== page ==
No film in the history of cinema is without what we movie buffs call “plot holes,” unanswered questions that leave viewers scratching their head and somewhat make the story not make sense. It’s impossible for a story not to have some of these.
However, there are some films, rather famous ones, where much of the plot simply doesn’t add up. Character actions and motivations don’t make sense. Explanations for how the good guy got to the right place at the right time go unanswered. And on it goes.
Here’s a few examples of popular movies where the plot just doesn’t make sense.
1. Frozen (2013)
Okay, so, aside from that amazingly annoying — and highly catchy — tune “Let It Go,” being driven like a spike through our ear drums on every radio station on the planet, the big draw for the film was the twist where we find out the adorable Prince Hans is actually the villain of the story.
Hans successfully woos Queen Elsa’s sister Anna, as part of a diabolical plan to take over the kingdom of Arendelle by charging Elsa with treason. Which doesn’t make sense, because treason is an offense committed against the state and Arendelle is a monarchy ruled by Elsa herself. How can she possibly have committed treason against herself?
Even if Hans succeeded, that would only mean Anna is Queen and the rightful ruler, as the monarchy is passed through bloodline only.
2. The Matrix (1999)
In “The Matrix” universe, agents are a formidable force comprised of computer programs tasked by the machines who rule the real world with preventing humans from screwing around with the digital world and freeing people from this prison of the mind. They possess the power to take over the digital “body” of any person in the Matrix.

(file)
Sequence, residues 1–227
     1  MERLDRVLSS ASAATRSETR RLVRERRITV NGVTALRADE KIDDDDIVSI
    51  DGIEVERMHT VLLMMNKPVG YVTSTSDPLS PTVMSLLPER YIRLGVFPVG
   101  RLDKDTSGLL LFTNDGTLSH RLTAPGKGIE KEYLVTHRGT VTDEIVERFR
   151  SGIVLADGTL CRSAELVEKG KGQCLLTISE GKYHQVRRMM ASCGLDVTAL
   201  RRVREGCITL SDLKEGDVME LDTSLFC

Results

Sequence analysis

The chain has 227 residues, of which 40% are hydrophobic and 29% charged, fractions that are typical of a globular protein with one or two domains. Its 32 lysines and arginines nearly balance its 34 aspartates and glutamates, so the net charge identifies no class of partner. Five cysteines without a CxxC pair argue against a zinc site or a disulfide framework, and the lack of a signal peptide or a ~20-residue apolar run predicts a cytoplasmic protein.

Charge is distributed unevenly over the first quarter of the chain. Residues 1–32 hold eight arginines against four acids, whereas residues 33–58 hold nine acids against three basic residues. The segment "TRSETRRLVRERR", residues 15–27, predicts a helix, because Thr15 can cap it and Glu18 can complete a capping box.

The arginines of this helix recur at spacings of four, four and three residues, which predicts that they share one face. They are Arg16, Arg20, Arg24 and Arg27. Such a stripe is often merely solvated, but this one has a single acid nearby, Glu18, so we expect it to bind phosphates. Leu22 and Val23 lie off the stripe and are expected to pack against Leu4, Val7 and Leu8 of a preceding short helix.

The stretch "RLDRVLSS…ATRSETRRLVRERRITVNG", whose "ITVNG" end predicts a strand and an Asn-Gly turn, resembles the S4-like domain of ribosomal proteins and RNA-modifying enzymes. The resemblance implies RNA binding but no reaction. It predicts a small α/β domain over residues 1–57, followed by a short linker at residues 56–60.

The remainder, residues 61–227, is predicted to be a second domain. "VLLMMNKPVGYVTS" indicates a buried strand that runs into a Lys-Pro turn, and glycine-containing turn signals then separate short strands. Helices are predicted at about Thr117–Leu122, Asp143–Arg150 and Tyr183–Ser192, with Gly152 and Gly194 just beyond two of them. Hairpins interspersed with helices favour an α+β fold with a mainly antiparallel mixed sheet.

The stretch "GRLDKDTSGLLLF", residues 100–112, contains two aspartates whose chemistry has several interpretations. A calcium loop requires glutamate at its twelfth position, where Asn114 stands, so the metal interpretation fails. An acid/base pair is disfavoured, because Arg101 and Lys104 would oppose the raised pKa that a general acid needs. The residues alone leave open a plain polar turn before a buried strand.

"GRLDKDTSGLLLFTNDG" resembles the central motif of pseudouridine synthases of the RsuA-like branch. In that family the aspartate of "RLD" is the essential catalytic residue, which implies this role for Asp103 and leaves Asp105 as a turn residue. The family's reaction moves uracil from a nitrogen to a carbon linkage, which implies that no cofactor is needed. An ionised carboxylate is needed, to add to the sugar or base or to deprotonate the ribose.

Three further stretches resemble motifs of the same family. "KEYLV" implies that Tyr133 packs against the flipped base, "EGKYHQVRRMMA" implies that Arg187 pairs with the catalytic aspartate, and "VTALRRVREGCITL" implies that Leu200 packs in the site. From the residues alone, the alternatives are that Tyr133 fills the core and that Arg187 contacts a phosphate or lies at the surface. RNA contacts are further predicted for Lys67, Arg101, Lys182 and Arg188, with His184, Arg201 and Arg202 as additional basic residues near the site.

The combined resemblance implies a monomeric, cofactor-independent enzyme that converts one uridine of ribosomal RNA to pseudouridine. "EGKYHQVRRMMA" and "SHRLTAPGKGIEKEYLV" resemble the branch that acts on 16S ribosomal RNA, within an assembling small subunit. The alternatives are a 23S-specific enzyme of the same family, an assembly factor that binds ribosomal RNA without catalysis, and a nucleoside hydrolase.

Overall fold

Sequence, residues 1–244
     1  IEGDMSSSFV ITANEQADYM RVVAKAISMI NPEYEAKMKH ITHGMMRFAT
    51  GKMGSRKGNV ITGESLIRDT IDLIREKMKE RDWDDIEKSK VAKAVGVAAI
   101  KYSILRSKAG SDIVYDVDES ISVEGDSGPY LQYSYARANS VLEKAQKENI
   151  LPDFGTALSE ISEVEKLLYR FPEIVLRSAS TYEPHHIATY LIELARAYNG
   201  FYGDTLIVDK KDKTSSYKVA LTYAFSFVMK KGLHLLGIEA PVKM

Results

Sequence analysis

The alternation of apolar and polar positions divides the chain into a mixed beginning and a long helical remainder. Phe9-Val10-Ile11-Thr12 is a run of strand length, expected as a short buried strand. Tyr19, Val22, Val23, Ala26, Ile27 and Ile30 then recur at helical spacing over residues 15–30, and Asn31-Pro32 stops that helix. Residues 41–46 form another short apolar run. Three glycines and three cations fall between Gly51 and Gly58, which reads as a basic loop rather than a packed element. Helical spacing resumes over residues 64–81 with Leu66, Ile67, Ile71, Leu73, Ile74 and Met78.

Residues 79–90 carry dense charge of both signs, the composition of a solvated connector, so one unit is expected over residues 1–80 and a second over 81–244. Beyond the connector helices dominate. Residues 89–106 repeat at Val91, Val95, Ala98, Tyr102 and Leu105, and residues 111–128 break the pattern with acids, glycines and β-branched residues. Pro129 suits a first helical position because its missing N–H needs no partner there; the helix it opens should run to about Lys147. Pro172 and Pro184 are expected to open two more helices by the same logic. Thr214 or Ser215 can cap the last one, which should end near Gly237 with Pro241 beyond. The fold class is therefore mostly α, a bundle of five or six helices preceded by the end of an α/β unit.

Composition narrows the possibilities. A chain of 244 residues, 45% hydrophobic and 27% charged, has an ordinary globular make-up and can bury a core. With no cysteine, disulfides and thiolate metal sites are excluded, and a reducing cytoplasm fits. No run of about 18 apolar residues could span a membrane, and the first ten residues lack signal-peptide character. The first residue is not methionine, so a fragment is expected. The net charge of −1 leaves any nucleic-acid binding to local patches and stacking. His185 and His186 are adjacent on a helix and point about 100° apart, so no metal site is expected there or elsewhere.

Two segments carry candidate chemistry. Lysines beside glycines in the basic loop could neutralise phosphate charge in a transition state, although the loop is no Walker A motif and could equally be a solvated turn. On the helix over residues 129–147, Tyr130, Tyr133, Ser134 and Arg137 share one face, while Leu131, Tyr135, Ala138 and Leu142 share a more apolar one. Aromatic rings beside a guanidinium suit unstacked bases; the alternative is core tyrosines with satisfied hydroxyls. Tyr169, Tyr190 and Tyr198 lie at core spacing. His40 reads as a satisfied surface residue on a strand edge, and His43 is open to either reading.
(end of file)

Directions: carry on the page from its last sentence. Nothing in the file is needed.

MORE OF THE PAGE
So, the question is, why in the world didn’t the agents simply take over Neo’s body when they found out Morpheus was trying to recruit him? Or, even simpler, why didn’t they just follow the man when he got in Morpheus’ car and find their hideout and stop Neo from being freed?
Granted, this plothole is sort of explained a little by the later films in the series, but this movie was created as a stand alone, so, on its own, it really doesn’t make sense.
3. Star Wars (1977)
Some might accuse me of sacrilege for saying “Star Wars” doesn’t make sense, but just hear me out before you call for my banishment from nerd culture.
We all know one of the greatest plot twists in film history was the whole Darth Vader is Luke Skywalker’s dad thing from “Empire Strikes Back,” right? Well, how in the world did Vader not know Luke, his son, was alive and on Tatooine?
When Vader — Anakin Skywalker — fell to the dark side in the prequels, Obi-Wan made sure his twin children, Luke and Leia, were separated and sent away into the galaxy to prevent them from falling into his evil clutches.
However, Luke, who retained the Skywalker name — unlike Leia — was sent to live with Anakin’s stepbrother and his wife, both of whom he had met before. How could such a powerful dark lord of the sith possibly miss this?
Also, how did Vader not sense Luke was his son when trying to prevent him from blowing up the Death Star? Surely he would have felt a familiarity in his essence through the Force?
4. Man of Steel (2013)
The DC Extended Universe has had many, MANY problems with plot, story, and character development, and it all started with a somewhat mediocre reboot of the Superman franchise that reinvents much of the mythos we’ve become familiar with.
For starters, why in the world did the metallurgist who examined a piece of Kryptonian technology brought to him by Jonathan Kent, NOT tell anyone else, including the government, about his findings? He really just let him walk away with no questions asked?